Doctors versus the rabble on the subject of disability

“The Myth of Disability ‘Sob Stories’” (nytimes) is fascinating for the comments. The typical New York Times reader is gushing with sympathy.

[David desJardins] Everyone else at your university would benefit if instead of writing an op-ed about this in the newspaper, you filed a complaint with your administration so this professor is reprimanded and changes his behavior. If you just tolerate it then it keeps happening.

[Joy Abbott] The vast majority of people receiving Social Security Disability are genuinely disabled. It’s cruel to imply that everybody receiving disability is scamming the system, when in truth, only a very small percentage are running scams.

(Don’t work for a railroad, certainly, if you want to avoid disabling injury!)

What about America’s doctors? How about these for bedside manner:

[ras] As a primary care physician I see many people trying to game the system by applying for disability for things that have no objective measure, e.g. pain, back problems or depression. They impugn those with legitimate claims to disability, but they are very real. It’s human nature to look for an easy way out, a gravy train to ride as far as possible; but I can assure you that “sob stories” are not a myth and in fact explain a large fraction of the tremendous increase in disability claims in recent years.

[Maturin25] I’m an orthopedic surgeon. Many sustain serious injuries and impairments. However, malingering is rampant, both in the general public and in the US military.

[Kate Connor] While it is rude of the author’s professor to make those comments, and the concept that a disability confers special powers is nutty, we still see on a daily basis people who appear to scam the system. As a physician, I get forms every day from patients applying for disability in the state where I practice (Florida) and I do not think one in ten of them are disabled, and I DO know their medical history. (My practice is to make no statements, just send the medical records and hope they get denied.) …

Speaking Truth to Patients, however, is not as popular as Speaking Truth to Power. New York Times readers definitely did not enjoy hearing from these docs!

8 Comments »

  1. Ken Hagler

    June 19, 2017 @ 2:29 pm

    1

    I used to live just down the hall from a “disabled” couple in LA. The husband sat in a wheelchair and the wife pretended to be blind when needed to collect welfare, and walked and saw just fine the rest of the time.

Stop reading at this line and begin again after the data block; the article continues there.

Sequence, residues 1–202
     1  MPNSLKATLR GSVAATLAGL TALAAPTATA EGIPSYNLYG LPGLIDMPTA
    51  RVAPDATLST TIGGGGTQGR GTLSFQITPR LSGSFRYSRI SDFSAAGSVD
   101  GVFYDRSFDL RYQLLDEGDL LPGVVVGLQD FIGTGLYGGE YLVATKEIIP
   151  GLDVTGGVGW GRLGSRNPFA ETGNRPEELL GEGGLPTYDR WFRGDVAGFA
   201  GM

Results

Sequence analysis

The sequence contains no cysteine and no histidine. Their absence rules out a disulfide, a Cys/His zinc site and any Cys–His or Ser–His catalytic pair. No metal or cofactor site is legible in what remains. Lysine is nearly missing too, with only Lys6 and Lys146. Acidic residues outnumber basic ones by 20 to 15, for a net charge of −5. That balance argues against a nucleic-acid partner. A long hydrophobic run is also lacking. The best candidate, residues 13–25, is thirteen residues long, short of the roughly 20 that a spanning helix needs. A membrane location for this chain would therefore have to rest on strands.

2. Neal

    June 19, 2017 @ 3:04 pm

    2

    A related problem is that declaring a (not malingering) person disabled can have the unintended effect of making the disability permanent even they would otherwise recover from the problem which is (temporarily) disabling them. Unfortunately, in the current system the “disabled” designation may be the only way for them to obtain services they actually do need (and legitimately qualify for) at the moment.

    I wonder if some of the services we currently provide through social service agencies shouldn’t be provided through the health care system. For example, a physician could write a prescription for an apartment for their not yet terminal but clearly unable to work MS patient or prescribe two hots meals per day delivered for an elderly patient who is otherwise able to live on their own but can no longer cook for themselves. Granted, this pre-supposes we get away from fee for service reimbursement for physicians!

  3. jack crossfire

    June 19, 2017 @ 3:10 pm

    3

    All the single women I ever met in Silicon Valley were disabled mothers of 3 & desperate to avoid going on the government dole at all costs. Our time together would have been a lot easier if they took the money & got scooters, so dating could be more than just long car rides, but they wanted to live in denial.

  4. Smartest Woman on the Internet

    June 19, 2017 @ 6:05 pm

    4

    A professor at my university stopped me in the hall and said, “I know I shouldn’t say this, but now that you won the Rhodes, will you throw away your cane and your brace?”

    Nope. Never happened.

  5. billg

    June 19, 2017 @ 11:28 pm

    5

    Florida doctor skeptical that 1 in 10 are disabled and require govt benefits? A wikileak’d document shows in the UK members of a certain religion have “24% of females and 21% of males claiming a disability”.

    http://www.telegraph.co.uk/news/wikileaks-files/london-wikileaks/8304838/UK-MUSLIM-DEMOGRAPHICS-C-RE8-02527.html

  6. Tom

    June 20, 2017 @ 3:48 am

    6

    Malingering is apparently easily learned all over the world.

    In 2016, 60 children were diagnosed with the syndrome, which sees patients are rendered “totally passive, immobile, lacks tonus, withdrawn, mute, unable to eat and drink, incontinent and not reacting to physical stimuli or pain,” according to medical journal Acta Pædiatrica.

    The main ‘cure’ for the condition is for refugee families to be awarded residency permits – something even recognised by the Swedish Board of Health and Welfare.

    http://www.independent.co.uk/news/world/europe/refugee-children-sweden-coma-like-states-families-deported-uppgivenhetssyndrom-resignation-syndrome-a7662126.html

    There have been some skeptical questions by health professionals but, you know … We’re Sweden!

    (So I would add that for best effect a certain complicitness might be needed too.)

  7. paul kramarchyk

    June 20, 2017 @ 8:10 pm

    7

    Guess from 60 years of observation: 50% of “disabled” aren’t.
    Most abused privilege: handicapped parking tag
    2nd most: social security disability

    No. I did not read the article. No need.

  8. superMike

    June 20, 2017 @ 8:37 pm

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